The tasks may not be available at a convenient time, but they can also disappear. TaskRabbit pivoted away from creative work to more menial tasks. One of the platforms the professor was studying, for placement of private chefs, went out business leaving the culinary giggers scrambling to find another way to market themselves.
A lot of gig work drawbacks boil down to lack of control. You don’t control the job availability and you can’t control more dangerous issues. How do you protect yourself when driving? The platforms say they are there to help, but some workers report a lack of action. What about sexual harassment, even assault, in an office? Is HR really going to listen? Remember the temp worker is disposable in many employers’ minds and may not be listened to when complaining.
Employees on the payroll are just better protected. The systems are in place.
“Employees on the payroll are just better protected,” says Ravenelle. “The systems are in place. If you’re injured on the job, you have workman’s comp and other benefits.” She also found in her study that there are socio-economic risks. Some part-timers are treated inhumanely. Denied bathrooms or breaks.
And they can be subject to strange, intolerable behavior by customers. One TaskRabbit picked up a pair of trousers to be taken to the tailor. When the client handed the money and pants to her, the gig worker put the money in her pocket. The customer slapped her hands and told her “don’t do that.” Humiliating. But what recourse do you have?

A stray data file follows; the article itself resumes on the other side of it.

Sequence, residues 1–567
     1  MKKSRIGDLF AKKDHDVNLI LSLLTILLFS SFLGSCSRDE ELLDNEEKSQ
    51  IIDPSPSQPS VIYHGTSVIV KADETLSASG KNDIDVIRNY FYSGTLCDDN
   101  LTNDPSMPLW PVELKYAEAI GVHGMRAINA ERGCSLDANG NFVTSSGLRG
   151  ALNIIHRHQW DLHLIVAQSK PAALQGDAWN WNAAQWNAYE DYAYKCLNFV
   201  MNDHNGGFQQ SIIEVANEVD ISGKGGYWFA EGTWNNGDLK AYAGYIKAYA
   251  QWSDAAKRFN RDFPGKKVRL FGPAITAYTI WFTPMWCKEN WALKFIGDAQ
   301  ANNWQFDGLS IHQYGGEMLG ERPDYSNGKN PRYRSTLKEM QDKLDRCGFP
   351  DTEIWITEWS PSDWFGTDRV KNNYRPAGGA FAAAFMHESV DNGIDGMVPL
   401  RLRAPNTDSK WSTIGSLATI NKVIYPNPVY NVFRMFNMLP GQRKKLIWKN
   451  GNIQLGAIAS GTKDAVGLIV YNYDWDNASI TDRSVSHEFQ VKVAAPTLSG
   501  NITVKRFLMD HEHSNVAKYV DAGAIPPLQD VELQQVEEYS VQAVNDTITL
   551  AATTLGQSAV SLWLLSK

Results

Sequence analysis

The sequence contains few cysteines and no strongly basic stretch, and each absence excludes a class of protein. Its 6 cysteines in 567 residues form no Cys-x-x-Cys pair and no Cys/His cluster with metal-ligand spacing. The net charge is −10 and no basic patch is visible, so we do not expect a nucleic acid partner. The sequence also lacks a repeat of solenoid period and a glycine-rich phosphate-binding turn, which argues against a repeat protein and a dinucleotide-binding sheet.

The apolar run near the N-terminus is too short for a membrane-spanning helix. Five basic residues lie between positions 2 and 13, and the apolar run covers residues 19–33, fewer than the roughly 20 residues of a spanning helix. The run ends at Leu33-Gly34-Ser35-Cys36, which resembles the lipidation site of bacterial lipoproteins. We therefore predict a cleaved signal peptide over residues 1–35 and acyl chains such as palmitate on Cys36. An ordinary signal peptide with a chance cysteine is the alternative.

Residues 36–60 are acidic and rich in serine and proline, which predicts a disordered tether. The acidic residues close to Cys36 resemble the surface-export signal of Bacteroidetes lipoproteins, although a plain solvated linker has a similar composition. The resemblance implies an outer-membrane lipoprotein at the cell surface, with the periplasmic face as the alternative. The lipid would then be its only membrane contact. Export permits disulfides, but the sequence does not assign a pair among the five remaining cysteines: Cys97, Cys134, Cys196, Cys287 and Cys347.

Another individual took a gig cleaning out a pond. When he got there, the customer did not have tools or proper protective clothes. The worker had driven a long way and didn’t want to lose the job and money, even though he was officially allowed to turn down anything that made him uncomfortable. He did the task, soaking his clothes and using his hands to dig out the muck. He, like nearly everyone, was afraid of getting a nasty review.
It can be tough to get out of gig work, even if you want to. Many of the interview subjects of Ravenele’s research are still doing gig work years after they started, though they had planned for it to be temporary. Some are stuck, unable to find anything else. And others get “addicted” to the variety and flexibility.
“Explaining to an employer where you’ve been – that you’ve been gig working – can be tough,” says the sociologist. “If you’re taking care of children or going to school that’s understandable.” Some hiring managers, however, look askance at any type of temporary employment.
The money oftentimes turns out to be less attractive than originally thought. Ravenelle points out that Uber drivers in New York City have the same costs as taxi drivers. That means thousands of dollars for licensing. Airbnb rules differ across the country, but you can be subject to considerable fines if you’re caught not complying.
Gig work can be a financial opportunity worth the hassles for some and in some cases. However, know the risks as well as advantages and make a calculated decision before jumping into the gig world.
Missed Parts 1 and 2? Catch up!
New Remote Jobs For You